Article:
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Triplets take on 7k walk to say thanks to hospital

03 September 2015


Looking at this cheeky trio, it's hard to imagine the parental anxiety and medical planning which surrounded their birth five years ago at Southend Hospital.

Looking at this cheeky trio, it's hard to imagine the parental anxiety and medical planning which surrounded their birth five years ago at Southend Hospital.

A team of experts at Southend Hospital were on hand to deliver triplets Oliver, Lewis and Isabelle Stanley via Caesarean section at 33 weeks into the pregnancy. They were then whisked away to the hospital's special care baby unit where they spent 10 days, followed by a week in Neptune unit, the children's ward.

Now, to say thank you for the care they received, the triplets will be taking part in the hospital's annual Walk for Wards on September 20, stepping out on the 7km stroll from Uncle Tom's Cabin at Shoebury to Chalkwell Shelter in Leigh.

"We had very good care by Southend Hospital before during and after their births and it's nice to give something back," says mum Jo. "The boys have asthma and have regular appointments and we have always been treated very well."  

"We always taken them out for long walks and they have recently walked 15 miles on holiday, so they will be fine."

Jo and husband Dave, both 34, underwent fertility treatment and anticipated there might be a remote chance of twins. So when the 13-week scan at Southend Hospital showed not one heartbeat but three, the couple, from Rayleigh, understandably felt large dollop of fear as well as elation, due to the increased risks around multiple pregnancies.

"When I look back I would have said never in a million years," says Jo, an accounts manager for a London-based recruitment company.

They need not have worried. After being seen at King's College Hospital London, Jo had her mind put at rest and enjoyed a good pregnancy, regularly monitored at her local hospital. Ten days before her delivery date - carefully pencilled in the diaries of a team of obstetricians, surgeons and midwives involved in the delivery - she began taking steroids to develop the lungs of her brood.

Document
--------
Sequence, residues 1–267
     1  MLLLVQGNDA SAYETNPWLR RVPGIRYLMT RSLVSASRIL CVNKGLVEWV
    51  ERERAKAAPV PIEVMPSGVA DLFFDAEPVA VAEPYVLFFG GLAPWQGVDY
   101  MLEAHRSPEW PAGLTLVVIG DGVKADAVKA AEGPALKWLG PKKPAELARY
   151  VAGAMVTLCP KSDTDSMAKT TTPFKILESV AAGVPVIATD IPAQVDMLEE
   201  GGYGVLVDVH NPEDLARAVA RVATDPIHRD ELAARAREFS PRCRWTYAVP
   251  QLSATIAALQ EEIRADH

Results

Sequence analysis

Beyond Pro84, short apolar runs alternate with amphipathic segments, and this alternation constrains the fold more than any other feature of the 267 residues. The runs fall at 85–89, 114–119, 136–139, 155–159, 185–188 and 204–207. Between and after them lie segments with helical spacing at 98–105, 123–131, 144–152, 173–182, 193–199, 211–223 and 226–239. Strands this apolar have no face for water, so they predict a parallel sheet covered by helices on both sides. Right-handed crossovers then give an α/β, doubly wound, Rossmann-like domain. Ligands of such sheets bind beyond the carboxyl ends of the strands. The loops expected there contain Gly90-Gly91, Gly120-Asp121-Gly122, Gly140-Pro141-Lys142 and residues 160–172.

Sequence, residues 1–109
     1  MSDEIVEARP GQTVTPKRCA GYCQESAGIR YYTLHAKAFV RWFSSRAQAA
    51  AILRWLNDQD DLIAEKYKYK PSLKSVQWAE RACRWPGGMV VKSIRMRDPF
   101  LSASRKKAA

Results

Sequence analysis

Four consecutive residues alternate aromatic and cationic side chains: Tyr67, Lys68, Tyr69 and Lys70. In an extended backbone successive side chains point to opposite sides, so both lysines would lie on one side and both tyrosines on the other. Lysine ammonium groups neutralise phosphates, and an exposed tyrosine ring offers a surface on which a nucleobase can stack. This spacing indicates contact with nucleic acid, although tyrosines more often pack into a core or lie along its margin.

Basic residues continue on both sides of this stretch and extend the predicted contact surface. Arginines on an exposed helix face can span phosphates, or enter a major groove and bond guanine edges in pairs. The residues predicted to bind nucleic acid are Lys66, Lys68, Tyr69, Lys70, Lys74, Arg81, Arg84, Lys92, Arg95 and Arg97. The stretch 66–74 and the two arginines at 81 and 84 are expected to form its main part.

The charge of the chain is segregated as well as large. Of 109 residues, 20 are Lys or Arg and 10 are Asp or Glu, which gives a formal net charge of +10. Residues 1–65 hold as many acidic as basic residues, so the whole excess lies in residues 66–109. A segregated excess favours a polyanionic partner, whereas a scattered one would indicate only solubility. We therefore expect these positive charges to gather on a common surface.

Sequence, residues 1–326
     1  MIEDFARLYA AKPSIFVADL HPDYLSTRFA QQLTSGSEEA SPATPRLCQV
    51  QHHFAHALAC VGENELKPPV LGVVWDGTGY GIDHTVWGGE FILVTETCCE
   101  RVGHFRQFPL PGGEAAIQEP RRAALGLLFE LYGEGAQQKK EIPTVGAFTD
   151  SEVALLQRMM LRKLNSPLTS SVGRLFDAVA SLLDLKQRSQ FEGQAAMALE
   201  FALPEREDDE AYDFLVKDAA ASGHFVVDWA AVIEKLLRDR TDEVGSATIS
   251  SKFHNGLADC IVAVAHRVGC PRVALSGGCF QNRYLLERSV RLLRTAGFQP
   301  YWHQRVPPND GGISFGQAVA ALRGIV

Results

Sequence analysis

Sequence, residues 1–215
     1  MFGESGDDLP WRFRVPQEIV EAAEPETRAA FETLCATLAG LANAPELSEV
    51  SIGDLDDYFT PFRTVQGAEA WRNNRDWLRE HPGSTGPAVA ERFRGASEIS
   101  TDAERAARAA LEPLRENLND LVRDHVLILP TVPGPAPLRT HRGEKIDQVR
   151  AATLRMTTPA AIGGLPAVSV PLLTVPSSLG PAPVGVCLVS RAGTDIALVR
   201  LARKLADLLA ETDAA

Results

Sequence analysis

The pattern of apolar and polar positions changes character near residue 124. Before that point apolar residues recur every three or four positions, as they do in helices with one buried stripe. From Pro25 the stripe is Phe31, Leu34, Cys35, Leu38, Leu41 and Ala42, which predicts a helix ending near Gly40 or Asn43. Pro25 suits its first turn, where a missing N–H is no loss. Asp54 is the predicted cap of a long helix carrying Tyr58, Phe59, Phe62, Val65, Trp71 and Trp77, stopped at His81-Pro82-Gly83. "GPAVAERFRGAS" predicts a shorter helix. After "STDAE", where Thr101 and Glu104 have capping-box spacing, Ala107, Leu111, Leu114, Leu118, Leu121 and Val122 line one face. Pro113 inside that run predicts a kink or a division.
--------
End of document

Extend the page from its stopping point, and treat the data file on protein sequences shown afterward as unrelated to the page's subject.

Lewis, the eldest, came first at 3lb 14oz, followed by Isabelle, 3lb 15oz, and Oliver, 3lb 10oz.

Oliver and Lewis are mirror twins; genetic identical opposites of each other. For the first few weeks Jo kept the boys' identity tag bracelets just so they could tell who was who. Even now, friends struggle to tell the two apart.

Lewis is right-handed, the other left; one has a cowlick to the right, the other to the left. "Even in the womb they moved together," Jo recalls. Isabelle, meanwhile, 'rules the roof' according to her mum.

Nurses and midwives at the hospital had established the trio into a strict four-hourly feed routine once they were out of special care; there was not the luxury of feeding on demand.

The couple were supported by friends and family who would pitch up at feed times to take a baby. But of course the wee small hours were always the worst, particularly if Dave, a police officer at Stansted Airport, was on the night shift. "He was brilliant; always did his bit," says Jo. "But you'd have one start to cry and you'd be looking out for a free hand."

Getting them all ready to get out of the house was also fraught. "I had a triple buggy but it was too heavy and I would get stopped all the time, which was a struggle because I had a limited time to get to the shops before one of them started up for a feed," she recalls.

Now they are older, all are very close with very separate personalities, leading to the usual sibling disputes.

They are looking forward to going into year one at Grovewood Primary in Rayleigh, where they are all in different classes within the year group to develop their own identities, and which means a constant whirl of birthday parties and playdates.

In June each triplet invited the whole class for their combined fifth birthday party - that's 120 four-and-five-year olds. "It's expensive, and every stage we go through with them seems like it's magnified three times," Jo explains. "It's hectic but it's the perfect combination because I always wanted two boys and a girl."

Walk for Wards details

Southend Hospital's Walk for Wards takes place on Sunday 20 September, from 9.30am. There are two options - the 7km 'seafront stroll' to Chalkwell Shelter, or, for the more adventurous, 18km 'Hadleigh hike' which goes up to Hadleigh Castle and back along to Chalkwell Shelter. Entry is free with a minimum sponsorship of £20. To register www.shcwalkforwards2015.eventbrite.co.uk